The Fit Line command finds the parameters and for the straight line that fits the points to minimize the residual sum of squares. The model for the ith row is written .

A polynomial of degree 2 is a parabola; a polynomial of degree 3 is a cubic curve. For degree k, the model for the ith observation is as follows:

Standard least square fitting assumes that the X variable is fixed and the Y variable is a function of X plus error. If there is random variation in the measurement of X, you should fit a line that minimizes the sum of the squared perpendicular differences. See Line Perpendicular to the Line of Fit. However, the perpendicular distance depends on how X and Y are scaled, and the scaling for the perpendicular is reserved as a statistical issue, not a graphical one.

The fit requires that you specify the ratio of the variance of the error in Y to the error in X. This is the variance of the error, not the variance of the sample points, so you must choose carefully. The ratio is infinite in standard least squares because is zero. If you do an orthogonal fit with a large error ratio, the fitted line approaches the standard least squares line of fit. If you specify a ratio of zero, the fit is equivalent to the regression of X on Y, instead of Y on X.

The most common use of this technique is in comparing two measurement systems that both have errors in measuring the same value. Thus, the Y response error and the X measurement error are both the same type of measurement error. Where do you get the measurement error variances? You cannot get them from bivariate data because you cannot tell which measurement system produces what proportion of the error. So, you either must blindly assume some ratio like 1, or you must rely on separate repeated measurements of the same unit by the two measurement systems.

An advantage to this approach is that the computations give you predicted values for both Y and X; the predicted values are the point on the line that is closest to the data point, where closeness is relative to the variance ratio.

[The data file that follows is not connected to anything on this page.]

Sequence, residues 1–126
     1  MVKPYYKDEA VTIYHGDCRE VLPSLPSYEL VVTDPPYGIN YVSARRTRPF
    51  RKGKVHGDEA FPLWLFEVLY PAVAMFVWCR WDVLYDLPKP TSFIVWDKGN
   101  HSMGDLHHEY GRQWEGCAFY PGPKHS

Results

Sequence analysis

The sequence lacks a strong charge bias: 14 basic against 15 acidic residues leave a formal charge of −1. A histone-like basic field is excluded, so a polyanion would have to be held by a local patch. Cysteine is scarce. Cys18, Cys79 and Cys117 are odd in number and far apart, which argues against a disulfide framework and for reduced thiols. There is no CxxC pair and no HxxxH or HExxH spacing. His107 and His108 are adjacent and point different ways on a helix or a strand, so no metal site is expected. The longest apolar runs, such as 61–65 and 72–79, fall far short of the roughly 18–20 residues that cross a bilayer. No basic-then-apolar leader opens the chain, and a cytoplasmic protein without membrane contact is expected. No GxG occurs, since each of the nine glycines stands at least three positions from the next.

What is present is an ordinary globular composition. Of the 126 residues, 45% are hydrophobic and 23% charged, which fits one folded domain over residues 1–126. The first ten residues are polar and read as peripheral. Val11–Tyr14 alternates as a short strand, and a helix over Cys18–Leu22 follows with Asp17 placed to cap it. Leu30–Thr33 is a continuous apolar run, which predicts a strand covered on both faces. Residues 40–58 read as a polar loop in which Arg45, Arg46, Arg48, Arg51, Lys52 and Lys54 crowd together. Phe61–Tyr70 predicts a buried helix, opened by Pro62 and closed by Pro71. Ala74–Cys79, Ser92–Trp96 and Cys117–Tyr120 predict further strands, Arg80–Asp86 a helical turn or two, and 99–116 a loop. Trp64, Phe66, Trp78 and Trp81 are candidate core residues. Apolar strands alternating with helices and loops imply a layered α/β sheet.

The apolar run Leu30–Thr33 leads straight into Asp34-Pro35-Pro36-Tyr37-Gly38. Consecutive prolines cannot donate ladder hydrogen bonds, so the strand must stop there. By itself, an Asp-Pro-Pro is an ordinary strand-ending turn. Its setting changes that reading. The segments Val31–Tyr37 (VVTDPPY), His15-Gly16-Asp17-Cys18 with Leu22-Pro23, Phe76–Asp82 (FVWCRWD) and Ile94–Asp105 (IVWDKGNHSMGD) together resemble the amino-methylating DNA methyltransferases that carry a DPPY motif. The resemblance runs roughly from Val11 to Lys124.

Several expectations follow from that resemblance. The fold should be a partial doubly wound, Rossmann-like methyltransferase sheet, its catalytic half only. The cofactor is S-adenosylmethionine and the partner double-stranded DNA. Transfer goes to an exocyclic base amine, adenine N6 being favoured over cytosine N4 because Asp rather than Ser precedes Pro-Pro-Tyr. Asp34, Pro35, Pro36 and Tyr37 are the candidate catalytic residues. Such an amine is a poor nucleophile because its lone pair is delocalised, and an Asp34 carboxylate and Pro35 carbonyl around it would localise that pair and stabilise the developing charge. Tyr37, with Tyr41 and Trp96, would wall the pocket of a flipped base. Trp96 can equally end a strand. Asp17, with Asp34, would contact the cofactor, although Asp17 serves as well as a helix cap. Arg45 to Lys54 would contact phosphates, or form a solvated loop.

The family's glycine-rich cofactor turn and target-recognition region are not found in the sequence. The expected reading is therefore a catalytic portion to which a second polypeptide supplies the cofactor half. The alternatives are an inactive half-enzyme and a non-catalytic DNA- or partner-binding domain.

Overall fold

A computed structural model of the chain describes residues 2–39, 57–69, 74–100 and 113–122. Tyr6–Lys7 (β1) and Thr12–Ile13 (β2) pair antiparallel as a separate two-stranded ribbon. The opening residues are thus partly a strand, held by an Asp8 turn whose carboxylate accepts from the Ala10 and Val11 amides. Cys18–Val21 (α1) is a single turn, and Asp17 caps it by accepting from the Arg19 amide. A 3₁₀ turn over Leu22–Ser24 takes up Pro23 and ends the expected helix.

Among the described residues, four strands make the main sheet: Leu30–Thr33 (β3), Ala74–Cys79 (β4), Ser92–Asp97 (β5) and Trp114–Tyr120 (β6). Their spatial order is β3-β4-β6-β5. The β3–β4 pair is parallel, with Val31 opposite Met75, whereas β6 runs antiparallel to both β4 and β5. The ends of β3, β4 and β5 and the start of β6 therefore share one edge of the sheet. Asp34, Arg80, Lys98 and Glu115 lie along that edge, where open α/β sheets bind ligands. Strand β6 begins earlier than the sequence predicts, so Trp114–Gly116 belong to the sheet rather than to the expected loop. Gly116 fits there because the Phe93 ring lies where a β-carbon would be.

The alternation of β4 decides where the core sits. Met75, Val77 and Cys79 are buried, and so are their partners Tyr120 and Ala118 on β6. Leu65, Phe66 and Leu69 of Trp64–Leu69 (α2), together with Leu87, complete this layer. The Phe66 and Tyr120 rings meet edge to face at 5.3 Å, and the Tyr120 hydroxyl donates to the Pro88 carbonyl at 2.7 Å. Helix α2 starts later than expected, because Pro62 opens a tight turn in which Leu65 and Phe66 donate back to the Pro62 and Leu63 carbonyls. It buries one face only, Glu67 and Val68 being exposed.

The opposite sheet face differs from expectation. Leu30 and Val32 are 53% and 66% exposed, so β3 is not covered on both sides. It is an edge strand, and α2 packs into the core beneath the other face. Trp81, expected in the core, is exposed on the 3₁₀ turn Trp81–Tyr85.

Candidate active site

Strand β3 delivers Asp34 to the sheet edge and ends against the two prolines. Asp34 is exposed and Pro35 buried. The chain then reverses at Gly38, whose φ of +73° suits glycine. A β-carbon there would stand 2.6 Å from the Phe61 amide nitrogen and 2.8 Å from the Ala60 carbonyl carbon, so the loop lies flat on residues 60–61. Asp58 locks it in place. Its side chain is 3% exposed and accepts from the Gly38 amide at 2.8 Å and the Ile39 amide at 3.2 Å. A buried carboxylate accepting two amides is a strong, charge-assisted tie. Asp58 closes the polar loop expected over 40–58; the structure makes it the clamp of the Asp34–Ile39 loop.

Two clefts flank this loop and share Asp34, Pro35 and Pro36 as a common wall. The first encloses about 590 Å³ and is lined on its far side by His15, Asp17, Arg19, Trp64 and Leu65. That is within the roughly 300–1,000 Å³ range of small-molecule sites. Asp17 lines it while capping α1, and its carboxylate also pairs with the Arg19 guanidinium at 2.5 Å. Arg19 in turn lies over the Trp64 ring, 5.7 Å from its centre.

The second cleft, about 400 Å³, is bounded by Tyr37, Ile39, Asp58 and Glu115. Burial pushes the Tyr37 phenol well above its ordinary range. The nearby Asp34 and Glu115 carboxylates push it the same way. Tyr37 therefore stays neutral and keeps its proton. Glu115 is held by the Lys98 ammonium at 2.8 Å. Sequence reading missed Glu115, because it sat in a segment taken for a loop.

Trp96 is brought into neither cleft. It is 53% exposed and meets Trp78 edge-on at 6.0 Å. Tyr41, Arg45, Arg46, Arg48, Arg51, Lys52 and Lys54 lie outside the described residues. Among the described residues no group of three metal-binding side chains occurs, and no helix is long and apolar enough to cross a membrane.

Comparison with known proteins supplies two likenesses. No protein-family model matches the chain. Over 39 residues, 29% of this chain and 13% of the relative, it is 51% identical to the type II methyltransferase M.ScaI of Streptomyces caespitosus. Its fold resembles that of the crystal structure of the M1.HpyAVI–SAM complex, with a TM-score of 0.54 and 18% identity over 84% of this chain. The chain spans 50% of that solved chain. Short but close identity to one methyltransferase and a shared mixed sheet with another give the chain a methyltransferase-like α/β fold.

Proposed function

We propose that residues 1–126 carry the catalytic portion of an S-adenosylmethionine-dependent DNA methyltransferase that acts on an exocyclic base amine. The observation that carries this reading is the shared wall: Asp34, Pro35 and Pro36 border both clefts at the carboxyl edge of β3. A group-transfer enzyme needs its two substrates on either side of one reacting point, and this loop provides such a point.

Using quantities from the corresponding analysis of variance table, the Rsquare for any continuous response fit is calculated as follows:

The mean square for Error is in the Analysis of Variance report. See Examples of Analysis of Variance Reports for Linear and Polynomial Fits. You can compute the mean square for C. Total as the Sum of Squares for C. Total divided by its respective degrees of freedom.

For the Pure Error DF, consider the multiple instances in the Big Class.jmp sample data table where more than one subject has the same value of height. In general, if there are g groups having multiple rows with identical values for each effect, the pooled DF, denoted DFp, is as follows:

For the Pure Error SS, in general, if there are g groups having multiple rows with the same x value, the pooled SS, denoted SSp, is written as follows:

Because Pure Error is invariant to the form of the model and is the minimum possible variance, Max RSq is calculated as follows:

Std Beta is calculated as follows:

Design Std Error is calculated as the standard error of the parameter estimate divided by the RMSE.

R-Square is equal to 1-(SSE/C.Total SS), where C.Total SS is available in the Fit Line ANOVA report.

The Pearson correlation coefficient is denoted r, and is computed as follows:

Where is either the weight of the ith observation if a weight column is specified, or 1 if no weight column is assigned.